Electro – Magnetic Interference (EMI) Monitoring is a non – intrusive, on – line surveillance technique to detect and identify electrical defects in motors, generators, IsoPhase Bus, Transformers, and other electrical systems:
- Partial Discharge
- Gap Discharge
- Random Noise
- Micro – Sparking (Rapid Gap Discharge)
emi assessment algorithm
The EMI Assessment Algorithm allows plants to move away from costly third-party technicians coming onsite to take periodic readings. Plants are able to continuously trend values using thousands of data points and 25 trend parameters.
The upper graph in figure 1 trends these parameters. Selecting the excursions in this graph allow plant personnel to highlight and analyze the peak waveforms within the Power Spectrum (lower left graph) and evaluate the data in the Assessment Table (lower right data table). Even when events occur outside regular hours, personnel can go back and look at the data to determine what caused the peaks.
With the Time Domain Classification table, troubleshooting efforts can focus the investigation on components based on the type of signals, i.e., Arcing, Corona, Discharge, Noise, Tone.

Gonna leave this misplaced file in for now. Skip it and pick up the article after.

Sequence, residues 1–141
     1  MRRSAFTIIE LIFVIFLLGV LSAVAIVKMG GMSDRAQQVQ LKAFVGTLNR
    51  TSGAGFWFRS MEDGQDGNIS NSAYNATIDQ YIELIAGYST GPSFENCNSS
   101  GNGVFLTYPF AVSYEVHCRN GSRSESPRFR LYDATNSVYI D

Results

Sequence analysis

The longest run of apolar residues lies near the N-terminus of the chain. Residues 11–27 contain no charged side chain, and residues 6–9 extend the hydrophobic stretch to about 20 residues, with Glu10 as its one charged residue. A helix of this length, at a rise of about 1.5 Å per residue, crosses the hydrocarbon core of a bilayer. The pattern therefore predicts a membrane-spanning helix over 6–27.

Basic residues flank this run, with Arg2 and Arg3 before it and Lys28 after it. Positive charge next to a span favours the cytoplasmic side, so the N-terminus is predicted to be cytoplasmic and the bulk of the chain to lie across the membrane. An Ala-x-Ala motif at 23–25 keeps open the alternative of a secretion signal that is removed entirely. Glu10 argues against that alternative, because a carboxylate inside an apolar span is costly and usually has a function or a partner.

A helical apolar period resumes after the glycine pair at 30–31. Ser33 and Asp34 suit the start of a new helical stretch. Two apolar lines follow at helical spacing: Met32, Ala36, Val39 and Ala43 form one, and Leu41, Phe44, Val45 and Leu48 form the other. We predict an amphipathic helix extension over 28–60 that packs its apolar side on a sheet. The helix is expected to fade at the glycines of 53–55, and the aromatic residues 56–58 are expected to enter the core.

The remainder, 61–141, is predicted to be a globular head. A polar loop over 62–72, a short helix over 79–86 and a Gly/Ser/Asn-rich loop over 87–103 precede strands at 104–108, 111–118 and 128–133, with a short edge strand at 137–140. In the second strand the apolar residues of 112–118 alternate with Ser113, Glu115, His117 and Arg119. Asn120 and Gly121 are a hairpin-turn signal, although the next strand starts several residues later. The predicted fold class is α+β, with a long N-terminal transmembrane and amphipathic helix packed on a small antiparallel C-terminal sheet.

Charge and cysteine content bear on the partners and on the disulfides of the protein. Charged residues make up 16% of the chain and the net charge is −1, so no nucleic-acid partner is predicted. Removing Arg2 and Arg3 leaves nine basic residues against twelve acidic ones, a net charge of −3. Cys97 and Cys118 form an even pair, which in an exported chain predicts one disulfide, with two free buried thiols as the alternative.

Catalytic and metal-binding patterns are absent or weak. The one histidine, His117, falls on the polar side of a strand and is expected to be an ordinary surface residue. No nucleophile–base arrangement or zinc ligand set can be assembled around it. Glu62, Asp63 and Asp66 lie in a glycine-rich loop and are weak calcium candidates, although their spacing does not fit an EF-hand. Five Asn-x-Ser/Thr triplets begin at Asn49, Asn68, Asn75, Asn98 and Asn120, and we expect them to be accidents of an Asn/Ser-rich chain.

The following is a recent case study of an east coast plant that was able to use EMI Monitoring to detect failures.
The Power Spectrums show waveforms before and after the event. Plant personnel noticed a change in the circled areas, and knew to focus on the time domain waveforms frequencies near the peaks.
The Assessment Table below showing before and after the event, is a powerful addition to the enhanced application. This data set confidently drives plant personnel to the right location in which to find the failure mode using these rules of thumb:
- 30k – 500k: exciter
- 500k – 5M: Stator core and slots
- 5M – 30M: end windings
- 30M – 100M: isophase bus
An increase in the Corona and Discharge categories narrowed the potential sources within the asset, resulting in a more efficient investigation. The source was discovered of cracked insulators (Figure 4) were replaced, which reduced the EMI levels.
Converting one Major Outage to Minor Outage over Five Years:
* Note: The results are illustrative only. Specific risks, costs, and prices will vary. This is not a guarantee of savings nor a guarantee of eliminating risk. Proper maintenance must be performed
The industry is heading toward continuous monitoring systems for cost effective solutions to analyze and prevent failure modes. EMI Monitoring is the best tool to decipher the most significant failures over a broad array of equipment, specifically with generators.
For information on Electro-Magnetic Interference Monitoring click on the image below to view the webinar.